The Chinese government is considering insuring its private oil tanker fleet to transport Iranian crude in order to defy European Union sanctions set to come into effect in July, according to a report.
The move would nullify planned sanctions banning EU-based ship insurers and re-insurers -- who cover 90 percent of the world's tankers -- from covering vessels carrying Iranian crude, the head of China's shipowners' association told Reuters.
[Ship] operators are worried that if the insurance issue cannot be resolved, they will not be able to take orders for shipping Iranian oil any longer, Zhang Shouguo, secretary general of China Shipowners' Association, told Reuters.
The Chinese proposal comes as India and South Korea also mulled the idea of guaranteeing their fleets.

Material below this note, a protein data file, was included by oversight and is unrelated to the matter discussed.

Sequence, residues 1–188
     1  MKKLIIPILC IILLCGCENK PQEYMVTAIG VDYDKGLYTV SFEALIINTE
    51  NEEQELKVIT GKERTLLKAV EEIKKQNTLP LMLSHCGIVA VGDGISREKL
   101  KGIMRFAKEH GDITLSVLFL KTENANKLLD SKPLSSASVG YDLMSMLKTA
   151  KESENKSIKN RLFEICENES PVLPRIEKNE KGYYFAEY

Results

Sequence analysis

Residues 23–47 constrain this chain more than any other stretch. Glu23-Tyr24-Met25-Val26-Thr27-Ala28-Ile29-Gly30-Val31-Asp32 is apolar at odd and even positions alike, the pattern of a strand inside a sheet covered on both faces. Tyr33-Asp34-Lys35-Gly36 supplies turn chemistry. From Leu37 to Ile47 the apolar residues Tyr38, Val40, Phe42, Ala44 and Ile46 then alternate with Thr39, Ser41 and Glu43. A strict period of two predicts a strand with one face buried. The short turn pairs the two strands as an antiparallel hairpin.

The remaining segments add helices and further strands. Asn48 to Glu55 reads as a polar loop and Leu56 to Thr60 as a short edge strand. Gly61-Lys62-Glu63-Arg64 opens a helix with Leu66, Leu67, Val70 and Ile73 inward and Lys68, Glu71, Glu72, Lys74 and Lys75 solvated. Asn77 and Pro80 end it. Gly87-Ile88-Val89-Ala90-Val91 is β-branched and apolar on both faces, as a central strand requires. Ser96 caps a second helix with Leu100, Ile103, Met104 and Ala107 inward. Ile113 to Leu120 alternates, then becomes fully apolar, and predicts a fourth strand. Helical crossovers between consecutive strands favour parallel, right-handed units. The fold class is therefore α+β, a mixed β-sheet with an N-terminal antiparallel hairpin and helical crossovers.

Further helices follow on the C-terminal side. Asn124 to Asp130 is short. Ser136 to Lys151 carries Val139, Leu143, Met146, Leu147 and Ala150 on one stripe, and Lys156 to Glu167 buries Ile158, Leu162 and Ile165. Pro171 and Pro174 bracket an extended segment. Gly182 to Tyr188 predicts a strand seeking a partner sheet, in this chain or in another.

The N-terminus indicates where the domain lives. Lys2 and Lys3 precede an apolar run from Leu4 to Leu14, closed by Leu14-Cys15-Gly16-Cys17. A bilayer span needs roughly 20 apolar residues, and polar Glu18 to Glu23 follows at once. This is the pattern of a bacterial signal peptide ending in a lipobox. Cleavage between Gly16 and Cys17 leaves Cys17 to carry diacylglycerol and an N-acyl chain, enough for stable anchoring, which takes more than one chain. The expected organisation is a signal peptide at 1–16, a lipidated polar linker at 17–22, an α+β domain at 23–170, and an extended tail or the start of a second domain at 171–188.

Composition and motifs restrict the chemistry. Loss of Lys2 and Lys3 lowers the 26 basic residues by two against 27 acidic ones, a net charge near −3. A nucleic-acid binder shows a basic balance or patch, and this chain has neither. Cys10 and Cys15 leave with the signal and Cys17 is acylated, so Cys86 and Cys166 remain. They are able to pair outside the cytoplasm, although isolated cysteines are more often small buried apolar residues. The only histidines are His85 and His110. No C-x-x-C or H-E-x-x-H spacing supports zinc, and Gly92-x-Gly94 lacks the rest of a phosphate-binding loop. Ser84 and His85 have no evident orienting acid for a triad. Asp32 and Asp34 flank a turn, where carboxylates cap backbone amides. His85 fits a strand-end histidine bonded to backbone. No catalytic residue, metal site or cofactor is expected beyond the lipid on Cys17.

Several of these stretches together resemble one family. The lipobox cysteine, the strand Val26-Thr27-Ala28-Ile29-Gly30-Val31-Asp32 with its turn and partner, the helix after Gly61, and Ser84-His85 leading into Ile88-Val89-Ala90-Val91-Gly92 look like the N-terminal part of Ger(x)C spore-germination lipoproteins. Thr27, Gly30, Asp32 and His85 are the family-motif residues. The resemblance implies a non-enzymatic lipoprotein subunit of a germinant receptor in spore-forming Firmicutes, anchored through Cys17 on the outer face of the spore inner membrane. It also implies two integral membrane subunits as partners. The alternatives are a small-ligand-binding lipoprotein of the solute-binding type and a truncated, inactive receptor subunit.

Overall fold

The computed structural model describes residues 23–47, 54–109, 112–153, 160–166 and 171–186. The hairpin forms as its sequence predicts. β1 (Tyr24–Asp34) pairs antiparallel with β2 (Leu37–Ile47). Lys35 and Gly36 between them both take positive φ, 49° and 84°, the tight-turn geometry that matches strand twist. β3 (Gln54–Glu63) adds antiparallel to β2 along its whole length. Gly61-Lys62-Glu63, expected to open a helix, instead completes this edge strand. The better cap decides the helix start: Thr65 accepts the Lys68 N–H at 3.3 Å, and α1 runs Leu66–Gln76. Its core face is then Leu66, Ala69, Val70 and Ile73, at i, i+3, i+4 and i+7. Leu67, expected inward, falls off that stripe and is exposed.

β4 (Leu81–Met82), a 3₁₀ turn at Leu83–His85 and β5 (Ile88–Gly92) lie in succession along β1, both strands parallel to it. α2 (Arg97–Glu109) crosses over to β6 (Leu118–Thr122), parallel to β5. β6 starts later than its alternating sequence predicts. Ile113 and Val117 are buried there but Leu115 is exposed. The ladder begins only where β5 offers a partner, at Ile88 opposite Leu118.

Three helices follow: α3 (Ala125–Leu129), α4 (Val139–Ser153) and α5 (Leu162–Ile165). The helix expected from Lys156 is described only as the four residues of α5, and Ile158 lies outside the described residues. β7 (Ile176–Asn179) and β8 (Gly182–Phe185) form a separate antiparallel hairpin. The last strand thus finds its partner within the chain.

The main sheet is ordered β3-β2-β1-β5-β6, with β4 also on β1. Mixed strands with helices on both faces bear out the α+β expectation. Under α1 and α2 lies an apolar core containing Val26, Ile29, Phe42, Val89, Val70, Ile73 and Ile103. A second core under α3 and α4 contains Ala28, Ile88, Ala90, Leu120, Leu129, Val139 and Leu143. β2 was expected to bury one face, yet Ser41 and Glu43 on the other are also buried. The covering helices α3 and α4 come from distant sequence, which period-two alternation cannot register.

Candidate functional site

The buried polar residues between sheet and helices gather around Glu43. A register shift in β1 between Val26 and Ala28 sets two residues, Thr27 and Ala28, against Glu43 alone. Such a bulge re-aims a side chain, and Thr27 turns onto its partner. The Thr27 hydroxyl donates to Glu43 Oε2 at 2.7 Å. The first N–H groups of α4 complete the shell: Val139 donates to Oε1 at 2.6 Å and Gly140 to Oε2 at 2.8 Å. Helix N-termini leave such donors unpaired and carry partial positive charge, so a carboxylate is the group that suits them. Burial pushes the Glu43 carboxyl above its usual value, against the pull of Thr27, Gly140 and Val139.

With most of Iran's 2.2 million barrels-of-oil-per-day output destined for Asia, major buyers there are desperate to find a way around the sanctions.
One solution proposed by Indian firms is to operate with limited or no insurance cover, leaving them financially exposed if a spill or accident were to occur.
We have put forward our concern and related government departments are studying the issue. We are paying great attention to this, the country has the need for oil and it's our responsibility to move the crude, said Zhang.
But we need a solution from the government so we can avoid such risk.
Chinese insurers, according to Zhang, would not be prepared to back native firms such as China Shipping, COSCO Group and Nanjing Tankers, who are all covered by European insurers.
While Zhang did not say when a decision would be made, he noted that several government departments were actively discussing the proposal, including the Ministry of Finance, China Insurance Regulatory Commission, Ministry of Transport and National Development and Reform Commission (NDRC), according to Reuters.